A cadre of enthusiastic Barberton residents are in the throes of planning “Tour de Barberton,” a June 23 benefit for the Lake Anna Relay for Life.
While I can’t guarantee it will be raining purple confetti, a great time is promised.
Formerly known as the Pub Crawl, the tour seeks not only to showcase the city’s hospitality and good eats, but most importantly to raise funds for the American Cancer Society. The Lake Anna Relay will take place in July.
The project was the brainchild, seven years ago, of Dave Incorvati, whose father Dan died of cancer.
The first effort drew 144 participants; the latest installment has already grown to more than 1,300, according to Sherrie Sanchez, who with her husband Martin owns Casa del Ranchero. The Mexican restaurant is among 13 stops on the tour. The others are Angie’s, the Barberton Moose, Center Court, David B’s, the Green Diamond, Hodge’s, the Hungarian Club, the Liedertafel, the Slovene Center, the Sokol, Tony’s Speakeasy and Willy’s — all in Barberton, of course.
“The Tour Committee, all members and past presidents of the Magic City Kiwanis Club, include Diane Breiding, whose mother Frances Snowball died of cancer; cancer survivors Elizabeth Wilson and Jean Hurbean, and Dave Incorvati,” wrote Wilson, whose husband Craig (a longtime veteran of the Beacon Journal’s newsroom) lost his cancer battle in 2007. “Hurbean’s father John died of colon cancer and her brother John J., of cancer of the mouth.”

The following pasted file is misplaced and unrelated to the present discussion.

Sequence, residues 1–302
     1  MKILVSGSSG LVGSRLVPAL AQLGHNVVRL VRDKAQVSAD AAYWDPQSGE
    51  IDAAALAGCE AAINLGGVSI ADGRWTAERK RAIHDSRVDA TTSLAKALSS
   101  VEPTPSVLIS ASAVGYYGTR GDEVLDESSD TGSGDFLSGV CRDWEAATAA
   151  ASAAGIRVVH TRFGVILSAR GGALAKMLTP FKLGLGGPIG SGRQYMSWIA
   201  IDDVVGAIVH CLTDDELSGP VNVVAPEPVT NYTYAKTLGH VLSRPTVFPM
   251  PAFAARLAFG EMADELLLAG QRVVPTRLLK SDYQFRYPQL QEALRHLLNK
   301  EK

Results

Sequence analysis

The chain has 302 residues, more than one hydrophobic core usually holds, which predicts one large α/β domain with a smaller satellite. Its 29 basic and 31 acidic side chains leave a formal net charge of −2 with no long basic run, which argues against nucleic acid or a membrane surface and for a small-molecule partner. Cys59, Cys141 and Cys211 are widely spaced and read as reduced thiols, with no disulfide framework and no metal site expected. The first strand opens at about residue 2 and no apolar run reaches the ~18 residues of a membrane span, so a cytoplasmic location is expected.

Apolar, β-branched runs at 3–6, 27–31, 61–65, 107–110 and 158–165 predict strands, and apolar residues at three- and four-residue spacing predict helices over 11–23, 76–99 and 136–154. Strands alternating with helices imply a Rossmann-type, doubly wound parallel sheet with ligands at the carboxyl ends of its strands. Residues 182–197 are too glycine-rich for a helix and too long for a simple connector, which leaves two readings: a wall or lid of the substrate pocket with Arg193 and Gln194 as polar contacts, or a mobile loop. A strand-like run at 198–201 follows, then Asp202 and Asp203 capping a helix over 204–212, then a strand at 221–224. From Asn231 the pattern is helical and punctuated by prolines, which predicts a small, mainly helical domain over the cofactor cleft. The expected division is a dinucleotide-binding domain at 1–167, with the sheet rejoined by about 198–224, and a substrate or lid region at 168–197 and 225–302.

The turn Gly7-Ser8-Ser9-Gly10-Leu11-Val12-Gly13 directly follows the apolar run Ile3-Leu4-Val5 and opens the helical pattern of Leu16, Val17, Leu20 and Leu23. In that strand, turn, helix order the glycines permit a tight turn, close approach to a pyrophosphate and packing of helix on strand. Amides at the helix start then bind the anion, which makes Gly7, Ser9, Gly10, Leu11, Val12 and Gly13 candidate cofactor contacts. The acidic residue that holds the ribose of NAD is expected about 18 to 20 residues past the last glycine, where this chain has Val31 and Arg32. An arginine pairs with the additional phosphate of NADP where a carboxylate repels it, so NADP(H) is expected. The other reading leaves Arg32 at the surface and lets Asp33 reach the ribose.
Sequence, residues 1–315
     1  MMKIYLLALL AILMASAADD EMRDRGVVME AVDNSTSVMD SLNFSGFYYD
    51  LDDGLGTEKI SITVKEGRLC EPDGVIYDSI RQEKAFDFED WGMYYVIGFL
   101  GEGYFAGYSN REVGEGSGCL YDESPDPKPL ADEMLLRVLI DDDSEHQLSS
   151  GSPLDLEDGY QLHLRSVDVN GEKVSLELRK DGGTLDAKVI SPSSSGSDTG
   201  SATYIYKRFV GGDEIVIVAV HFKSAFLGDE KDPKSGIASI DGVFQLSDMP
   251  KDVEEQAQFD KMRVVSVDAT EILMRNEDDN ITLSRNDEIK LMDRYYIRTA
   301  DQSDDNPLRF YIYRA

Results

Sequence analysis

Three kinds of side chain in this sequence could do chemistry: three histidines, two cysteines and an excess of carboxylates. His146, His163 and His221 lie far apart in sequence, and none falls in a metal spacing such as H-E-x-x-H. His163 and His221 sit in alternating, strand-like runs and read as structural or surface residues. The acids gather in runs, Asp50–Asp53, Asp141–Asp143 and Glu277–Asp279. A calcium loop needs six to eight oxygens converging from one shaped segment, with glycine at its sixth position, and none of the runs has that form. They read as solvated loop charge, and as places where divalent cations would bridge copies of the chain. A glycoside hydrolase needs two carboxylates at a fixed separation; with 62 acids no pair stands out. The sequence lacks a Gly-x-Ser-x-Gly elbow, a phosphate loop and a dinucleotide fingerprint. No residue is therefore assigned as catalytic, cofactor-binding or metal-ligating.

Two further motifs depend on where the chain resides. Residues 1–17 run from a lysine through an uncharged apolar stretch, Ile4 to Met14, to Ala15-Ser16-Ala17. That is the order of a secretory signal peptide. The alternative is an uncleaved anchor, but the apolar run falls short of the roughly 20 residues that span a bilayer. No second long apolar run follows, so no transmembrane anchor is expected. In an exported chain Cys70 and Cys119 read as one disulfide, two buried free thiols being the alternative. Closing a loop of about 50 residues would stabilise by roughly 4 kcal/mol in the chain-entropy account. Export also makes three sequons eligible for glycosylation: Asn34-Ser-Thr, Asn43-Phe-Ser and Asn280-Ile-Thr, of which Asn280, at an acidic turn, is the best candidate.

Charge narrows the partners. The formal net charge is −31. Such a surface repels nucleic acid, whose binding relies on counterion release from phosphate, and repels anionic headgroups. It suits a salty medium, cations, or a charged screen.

“Some people try to visit all 13 [stops] during the 4 to 9 p.m. tour hours,” Wilson continued. “Others pick three or four places and linger a bit longer. Some people buy the shirt and don’t even attend. This is a wonderful opportunity to showcase Barberton and encourage local business … Proceeds go to sustain the Magic City Kiwanis Relay Team at the Platinum Level, $15,000 or more.”
The only requirements for participants is that they be adult age and purchase a 2012 Tour de Barberton T-shirt: $15 for sizes S-XL, $18 for 2X and above. T-shirts are being sold 6 to 8 p.m. today at the Green Diamond; 6 to 8 p.m. Tuesday at Hodge’s; 6 to 8 p.m. Monday, Tuesday, and June 18 and 19 at Casa del Ranchero; 7 to 9 p.m. Friday at Center Court. For more information, please call Wilson at 330-745-3358.
“Every person participating in this event is an adult,” Sherrie Sanchez noted. “They make their own choices regarding what and how much they are going to eat and drink and they know the laws about open containers. Every Barberton business on the list is responsible for what and whom they serve. The committee’s job is to sell shirts.”
Recent postings on Facebook about the urgent need for organ and tissue transplants are paying off big time. Lisa Radecky is sharing one of those lifesaving postings, affecting a former classmate and his wife:
“I am writing this to you to help spread the news about a wonderful event happening in Stow. We are coming together as a community to bring awareness to bone marrow donation.